“The Sick Man of Europe”: 

“The Sick Man of Europe” “We have on our hands a sick man, a very sick man.” Tsar Nicholas I of Russia, 1853

Mahmud II: 

Mahmud II Reigned from 1808 to 1839 and launched a reform program designed to restore the traditional Ottoman military The elite and powerful Janissaries opposed the reforms, but Mahmud massacred them He remodeled his institutions, especially his military, along European lines European-style uniforms European tactics and weaponry European education Janissaries

Other Reforms of Mahmud: 

Other Reforms of Mahmud Created a system of secondary education for boys to facilitate the transition from mosque schools to newly established scientific, technical, and military academies Established European style ministries, built new roads and telegraph lines, and started a postal service Transferred authority to the sultan from traditional elites by Taxing rural landlords Abolishing the system of military land grants Undermining the ulama (the Islamic leadership)

Ottoman Empire under Mahmud II: 

Ottoman Empire under Mahmud II The empire was smaller, but it was more consolidated and powerful than it had been since the early 17th Century

Tanzimat: 

Tanzimat The tempo of reform increased after Mahmud during the Tanzimat (“reorganization”) era from 1839-1876 Reformers drew inspiration from the Enlightenment thought and the constitutional foundations of western European states Principal target was the army, but other reforms involved law and education

Tanzimat: 

Tanzimat The legal reforms were designed to make Ottoman law acceptable to Europeans so the Ottomans could have the capitulations lifted and recover sovereignty Safeguarded the rights of subjects through guaranteed public trials, rights of privacy, and equality before the law Educational reforms resulted in a complete system of primary, secondary, and university education under the supervision of the state ministry of education Legal and educational reforms both undermined the ulama and there was opposition from religious conservatives and others

Abd al-Hamid II: 

Abd al-Hamid II An opposition group of radical dissidents from the Ottoman bureaucracy staged a coup in 1876 and installed Abd al-Hamid II as sultan Abd al-Hamid imposed a despotic regime and generated much opposition

Young Turks: 

Young Turks The Ottoman Society for Union and Progress (better known as the Young Turks) was founded in 1889 by exiled Ottomans In 1908 they inspired an army coup and in 1909 they dethroned Abd al-Hamid and established a puppet sultan Ottoman sultans would now reign but not rule

Agenda of the Young Turks: 

Agenda of the Young Turks Universal suffrage Equality before the law Freedom of religion Free public education Secularization of the state Emancipation of women Enver Pasha, one of the army leaders of the Young Turks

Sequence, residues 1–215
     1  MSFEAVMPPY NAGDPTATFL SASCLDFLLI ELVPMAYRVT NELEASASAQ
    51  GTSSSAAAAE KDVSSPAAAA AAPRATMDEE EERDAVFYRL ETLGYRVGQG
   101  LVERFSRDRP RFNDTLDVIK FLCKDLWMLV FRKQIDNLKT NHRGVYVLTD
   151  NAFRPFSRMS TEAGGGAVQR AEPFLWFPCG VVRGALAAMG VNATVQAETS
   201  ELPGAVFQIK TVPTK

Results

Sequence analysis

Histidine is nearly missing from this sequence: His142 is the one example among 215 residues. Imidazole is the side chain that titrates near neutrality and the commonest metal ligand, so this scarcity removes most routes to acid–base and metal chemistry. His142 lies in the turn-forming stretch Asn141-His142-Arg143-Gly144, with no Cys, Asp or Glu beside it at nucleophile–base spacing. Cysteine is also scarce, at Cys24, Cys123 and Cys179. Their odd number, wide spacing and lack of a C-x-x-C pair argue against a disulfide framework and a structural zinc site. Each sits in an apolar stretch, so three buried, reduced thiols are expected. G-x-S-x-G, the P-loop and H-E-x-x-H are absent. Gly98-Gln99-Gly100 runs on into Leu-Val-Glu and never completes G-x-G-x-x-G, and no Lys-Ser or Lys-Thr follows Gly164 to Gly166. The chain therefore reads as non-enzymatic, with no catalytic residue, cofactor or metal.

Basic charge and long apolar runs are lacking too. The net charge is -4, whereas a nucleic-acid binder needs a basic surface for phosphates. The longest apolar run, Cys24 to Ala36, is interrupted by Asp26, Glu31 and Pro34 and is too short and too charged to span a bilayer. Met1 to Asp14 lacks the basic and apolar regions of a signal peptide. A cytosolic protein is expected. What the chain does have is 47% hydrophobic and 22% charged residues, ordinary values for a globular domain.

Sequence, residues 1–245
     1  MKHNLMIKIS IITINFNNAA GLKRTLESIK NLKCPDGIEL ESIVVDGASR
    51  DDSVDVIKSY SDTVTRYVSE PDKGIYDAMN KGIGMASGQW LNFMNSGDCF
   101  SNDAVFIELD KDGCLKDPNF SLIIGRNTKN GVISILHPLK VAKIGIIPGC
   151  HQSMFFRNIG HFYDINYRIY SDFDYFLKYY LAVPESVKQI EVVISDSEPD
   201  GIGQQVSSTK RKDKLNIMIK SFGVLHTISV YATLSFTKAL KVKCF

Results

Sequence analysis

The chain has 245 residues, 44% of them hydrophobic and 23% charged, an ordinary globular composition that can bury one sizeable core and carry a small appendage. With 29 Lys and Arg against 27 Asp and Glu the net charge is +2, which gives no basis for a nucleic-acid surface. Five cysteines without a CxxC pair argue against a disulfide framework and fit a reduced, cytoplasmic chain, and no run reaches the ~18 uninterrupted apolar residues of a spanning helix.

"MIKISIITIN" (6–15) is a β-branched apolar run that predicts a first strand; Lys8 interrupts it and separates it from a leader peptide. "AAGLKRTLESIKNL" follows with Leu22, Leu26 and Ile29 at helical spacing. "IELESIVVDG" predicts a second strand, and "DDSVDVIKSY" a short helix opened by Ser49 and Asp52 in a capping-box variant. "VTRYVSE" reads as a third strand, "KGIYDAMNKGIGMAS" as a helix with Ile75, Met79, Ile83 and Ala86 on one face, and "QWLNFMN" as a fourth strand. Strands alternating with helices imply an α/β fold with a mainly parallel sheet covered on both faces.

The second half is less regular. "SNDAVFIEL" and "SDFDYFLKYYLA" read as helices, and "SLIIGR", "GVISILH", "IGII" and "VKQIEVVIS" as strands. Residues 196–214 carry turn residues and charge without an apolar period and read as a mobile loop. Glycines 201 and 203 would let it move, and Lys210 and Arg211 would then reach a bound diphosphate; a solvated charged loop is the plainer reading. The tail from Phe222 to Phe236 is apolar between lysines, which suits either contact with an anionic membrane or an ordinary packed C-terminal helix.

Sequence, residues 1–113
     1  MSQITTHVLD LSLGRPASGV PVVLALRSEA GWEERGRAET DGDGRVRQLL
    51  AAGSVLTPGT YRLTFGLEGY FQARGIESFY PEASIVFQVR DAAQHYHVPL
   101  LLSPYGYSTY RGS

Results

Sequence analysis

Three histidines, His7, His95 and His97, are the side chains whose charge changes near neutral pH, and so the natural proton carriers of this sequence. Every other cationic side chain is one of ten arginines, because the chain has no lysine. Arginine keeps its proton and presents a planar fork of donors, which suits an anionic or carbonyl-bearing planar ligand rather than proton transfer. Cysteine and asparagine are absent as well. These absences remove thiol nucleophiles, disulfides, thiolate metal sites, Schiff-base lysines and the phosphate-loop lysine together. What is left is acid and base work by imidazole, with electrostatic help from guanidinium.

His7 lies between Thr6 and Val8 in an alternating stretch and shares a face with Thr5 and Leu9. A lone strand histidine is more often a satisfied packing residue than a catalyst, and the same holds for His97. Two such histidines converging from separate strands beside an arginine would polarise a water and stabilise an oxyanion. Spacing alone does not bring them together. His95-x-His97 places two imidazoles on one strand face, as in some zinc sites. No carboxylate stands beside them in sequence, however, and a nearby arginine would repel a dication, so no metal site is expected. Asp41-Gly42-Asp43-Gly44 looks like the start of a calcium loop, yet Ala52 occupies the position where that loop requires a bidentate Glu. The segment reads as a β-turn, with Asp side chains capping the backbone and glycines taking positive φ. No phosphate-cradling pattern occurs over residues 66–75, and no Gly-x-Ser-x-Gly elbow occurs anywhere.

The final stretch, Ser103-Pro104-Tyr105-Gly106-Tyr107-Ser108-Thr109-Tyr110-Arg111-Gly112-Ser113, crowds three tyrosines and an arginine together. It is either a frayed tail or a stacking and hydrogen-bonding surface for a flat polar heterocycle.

Still the Sick Man: 

Still the Sick Man The Young Turks sought to maintain Turkish hegemony within the larger Ottoman Empire which caused opposition from subject peoples outside the Anatolian heartland such as in Syria and Iraq The Ottoman Empire was crumbling and survived principally because the European powers could not decide how to dispose of it without upsetting the European balance of power

World War I: 

World War I In 1914, the Ottomans became aligned with the Central Powers (Germany and Austria-Hungary) Successfully fended off the Allied landing at Gallipoli in 1915 and Mesopotamia in 1916, but then began retreating on all fronts Mustafa Kemal emerges as great war hero

World War I: 

World War I Arabs, assisted by the British and T. E. Lawrence (“Lawrence of Arabia”), revolted against Turkish rule in Syria, Palestine, and Arabia The Central Powers sued for peace in November 1918

Treaty of Sevres (1920) and Treaty of Lausanne (1923): 

Treaty of Sevres (1920) and Treaty of Lausanne (1923) The Treaty of Sevres effectively dissolved the Ottoman Empire, calling for the surrender of Ottoman Balkan and Arab provinces and the occupation of eastern and southern Anatolia by foreign powers Turks led by wartime hero Mustafa Kemal successfully resisted the occupation The Republic of Turkey was officially recognized by the Treaty of Lausanne

Mustafa Kemal: 

Mustafa Kemal Mustafa Kemal served as president of Turkey for 15 years until his death in 1938 Known as Ataturk or “Father Turk” “Westernized” Turkey

Turkey under Ataturk: 

Turkey under Ataturk New ideology of Kemalism stressed the republican form of government representing the power of the electorate, secular administration, nationalism, mixed economy with state participation in many of the vital sectors, the process of parliamentary and participatory democracy, modernization.

Legacy of Ataturk: 

Legacy of Ataturk Turkey became the first Moslem nation to become a republic Left Turkey with a divided identity — Europeanized but not quite European, alienated from the Islamic world but still a Muslim country The Turkish military still sees itself as the guardian of Turkish independence, nationalism, and secularism

Turkey at the Crossroads: 

Turkey at the Crossroads

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Next Building of American States